Industry News Desk
Google Copies Amazon [Update]
It’s called Compute Engine and Google will rent out the spare stripped-down servers in its data centers to run third-party apps
Jun. 30, 2012 05:00 PM
Google has copied Amazon and wheeled out an EC2 Infrastructure-as-a- Service imitator at the Google I/O developer conference in San Francisco Thursday proving the scuttlebutt to be on the money.
It’s called Compute Engine and Google will rent out the spare stripped-down servers (Ubuntu 12.04 or the CentOS 6.2 Linux virtual machines with KVM) in its data centers to run compute-intensive third-party apps, putting its skills and gargantuan scale up for sale.
It claims it’s “50% more power per dollar” than Amazon, which recently trimmed its prices and now is likely to again.
Jealous of other people’s success and innovation, Google claims Compute Engine is not about stealing market share.
Google already has the platform-as-a-service App Engine and the S3-like Google Cloud Storage but the money is in IaaS. It’s said Amazon Web Services may do $2 billion this year.
Microsoft remade Windows Azure into a Linux-toting hybrid-supporting infrastructure-as-a-service vehicle a couple of weeks ago. Microsoft is tight with enterprise developers and both Amazon and Google want them. That’s why Amazon tied up with Eucalyptus and its private clouds.
GigaOM thinks Microsoft’s developer community is really Google’s target.
RightScale, Opscode, Puppet Labs, Numerate, the newfangled Cliqr and MapR are supporting the Google effort for purposes of management and interoperability. No surprise there.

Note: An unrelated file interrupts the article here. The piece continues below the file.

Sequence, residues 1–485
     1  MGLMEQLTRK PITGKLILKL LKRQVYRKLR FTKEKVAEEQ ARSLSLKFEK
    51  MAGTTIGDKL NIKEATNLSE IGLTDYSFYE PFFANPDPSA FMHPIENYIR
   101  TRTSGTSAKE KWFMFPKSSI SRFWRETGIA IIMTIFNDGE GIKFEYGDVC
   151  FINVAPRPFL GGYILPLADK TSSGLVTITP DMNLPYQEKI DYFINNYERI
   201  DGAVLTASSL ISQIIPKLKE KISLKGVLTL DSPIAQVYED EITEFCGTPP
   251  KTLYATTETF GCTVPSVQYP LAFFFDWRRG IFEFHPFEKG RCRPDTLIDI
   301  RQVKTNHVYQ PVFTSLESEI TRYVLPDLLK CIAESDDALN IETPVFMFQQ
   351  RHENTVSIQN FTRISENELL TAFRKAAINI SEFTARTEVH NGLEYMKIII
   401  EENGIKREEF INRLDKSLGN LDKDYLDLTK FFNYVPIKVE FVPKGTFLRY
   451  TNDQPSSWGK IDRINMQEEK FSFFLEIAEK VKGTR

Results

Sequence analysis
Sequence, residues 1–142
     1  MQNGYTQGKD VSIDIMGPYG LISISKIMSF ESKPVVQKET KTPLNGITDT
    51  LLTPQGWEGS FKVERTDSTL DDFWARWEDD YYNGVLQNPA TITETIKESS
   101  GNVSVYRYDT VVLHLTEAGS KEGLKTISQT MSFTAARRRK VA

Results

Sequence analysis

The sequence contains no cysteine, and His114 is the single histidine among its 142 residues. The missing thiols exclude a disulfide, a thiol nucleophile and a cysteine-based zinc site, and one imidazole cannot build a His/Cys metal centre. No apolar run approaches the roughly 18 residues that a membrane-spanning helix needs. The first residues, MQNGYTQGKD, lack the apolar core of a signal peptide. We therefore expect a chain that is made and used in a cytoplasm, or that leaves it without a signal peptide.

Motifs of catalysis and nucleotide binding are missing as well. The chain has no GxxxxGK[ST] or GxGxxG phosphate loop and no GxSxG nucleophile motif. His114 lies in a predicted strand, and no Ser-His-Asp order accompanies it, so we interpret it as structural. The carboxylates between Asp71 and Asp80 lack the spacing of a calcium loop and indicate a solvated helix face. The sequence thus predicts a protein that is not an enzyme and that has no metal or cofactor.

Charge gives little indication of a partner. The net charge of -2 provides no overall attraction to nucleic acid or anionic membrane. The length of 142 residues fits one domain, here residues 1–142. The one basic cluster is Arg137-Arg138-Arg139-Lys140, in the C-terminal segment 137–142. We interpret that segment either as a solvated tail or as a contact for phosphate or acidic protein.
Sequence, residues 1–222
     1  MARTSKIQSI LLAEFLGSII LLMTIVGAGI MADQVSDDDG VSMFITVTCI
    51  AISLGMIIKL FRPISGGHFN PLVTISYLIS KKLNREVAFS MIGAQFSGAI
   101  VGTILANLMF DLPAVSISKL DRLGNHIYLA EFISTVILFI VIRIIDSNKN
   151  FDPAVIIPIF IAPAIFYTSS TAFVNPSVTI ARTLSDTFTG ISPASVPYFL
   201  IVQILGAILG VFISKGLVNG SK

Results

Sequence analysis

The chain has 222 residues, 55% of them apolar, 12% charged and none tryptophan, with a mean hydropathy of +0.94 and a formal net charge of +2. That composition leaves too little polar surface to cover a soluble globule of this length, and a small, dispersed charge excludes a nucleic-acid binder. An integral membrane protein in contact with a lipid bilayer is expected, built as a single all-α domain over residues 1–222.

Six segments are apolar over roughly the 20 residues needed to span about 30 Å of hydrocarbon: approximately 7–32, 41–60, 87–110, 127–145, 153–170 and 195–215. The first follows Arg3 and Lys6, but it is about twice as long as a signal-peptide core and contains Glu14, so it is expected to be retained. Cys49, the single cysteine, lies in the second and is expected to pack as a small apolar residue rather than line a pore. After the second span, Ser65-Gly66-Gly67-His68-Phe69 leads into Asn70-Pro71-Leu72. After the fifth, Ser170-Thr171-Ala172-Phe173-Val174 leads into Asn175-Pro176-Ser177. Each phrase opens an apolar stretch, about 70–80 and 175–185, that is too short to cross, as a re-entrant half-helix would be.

Google can presumably count on getting some of the web and mobile start- up trade that play to its core search business and its other cloud services. It’s beta tested the service with customers like the Institute for Systems Biology, which is using it for a Genome Explorer app running on hundreds of thousands of cores in a search for cancer cures.
It’s offering normal people one-, two-, four- and eight-virtual core VMs with 3.75GB RAM per virtual core and storage on local disk, or its new persistent block device, or Google Cloud Storage, its Internet-scale object store. Naturally it’s got the networking for clusters.
RightScale CEO Michael Crandell said there’s automatic encryption of data – no arguments, a global private network connecting far-flung data centers, and consistently fast boot to which RightScale can contribute auto-scaling.
It’s out in limited preview for those in the US who want 100 or more VMs. When it will go global is unclear but by then users will just need a credit card. It’s unclear how many regions Google will have for Compute Engine and whether it’ll really be segregated from the rest of its infrastructure.
Compute Engine can be combined with App Engine, which is now supposed to host a million active apps.
See here. For pricing see here. Also see http://cloud.google.com/.